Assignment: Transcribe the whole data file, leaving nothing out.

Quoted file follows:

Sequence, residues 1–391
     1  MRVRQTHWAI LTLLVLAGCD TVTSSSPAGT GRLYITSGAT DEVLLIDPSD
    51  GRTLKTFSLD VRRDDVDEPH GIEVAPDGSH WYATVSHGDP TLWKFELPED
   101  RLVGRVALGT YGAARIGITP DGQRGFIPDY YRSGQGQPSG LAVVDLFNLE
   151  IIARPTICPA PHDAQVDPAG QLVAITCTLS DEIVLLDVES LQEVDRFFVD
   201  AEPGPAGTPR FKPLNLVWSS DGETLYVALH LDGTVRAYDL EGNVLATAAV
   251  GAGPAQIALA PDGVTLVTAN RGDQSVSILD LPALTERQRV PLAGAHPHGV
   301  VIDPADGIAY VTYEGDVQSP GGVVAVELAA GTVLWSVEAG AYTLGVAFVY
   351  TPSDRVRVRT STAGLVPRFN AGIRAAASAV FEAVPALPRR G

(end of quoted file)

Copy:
Sequence, residues 1–391
     1  MRVRQTHWAI LTLLVLAGCD TVTSSSPAGT GRLYITSGAT DEVLLIDPSD
    51  GRTLKTFSLD VRRDDVDEPH GIEVAPDGSH WYATVSHGDP TLWKFELPED
   101  RLVGRVALGT YGAARIGITP DGQRGFIPDY YRSGQGQPSG LAVVDLFNLE
   151  IIARPTICPA PHDAQVDPAG QLVAITCTLS DEIVLLDVES LQEVDRFFVD
   201  AEPGPAGTPR FKPLNLVWSS DGETLYVALH LDGTVRAYDL EGNVLATAAV
   251  GAGPAQIALA PDGVTLVTAN RGDQSVSILD LPALTERQRV PLAGAHPHGV
   301  VIDPADGIAY VTYEGDVQSP GGVVAVELAA GTVLWSVEAG AYTLGVAFVY
   351  TPSDRVRVRT STAGLVPRFN AGIRAAASAV FEAVPALPRR G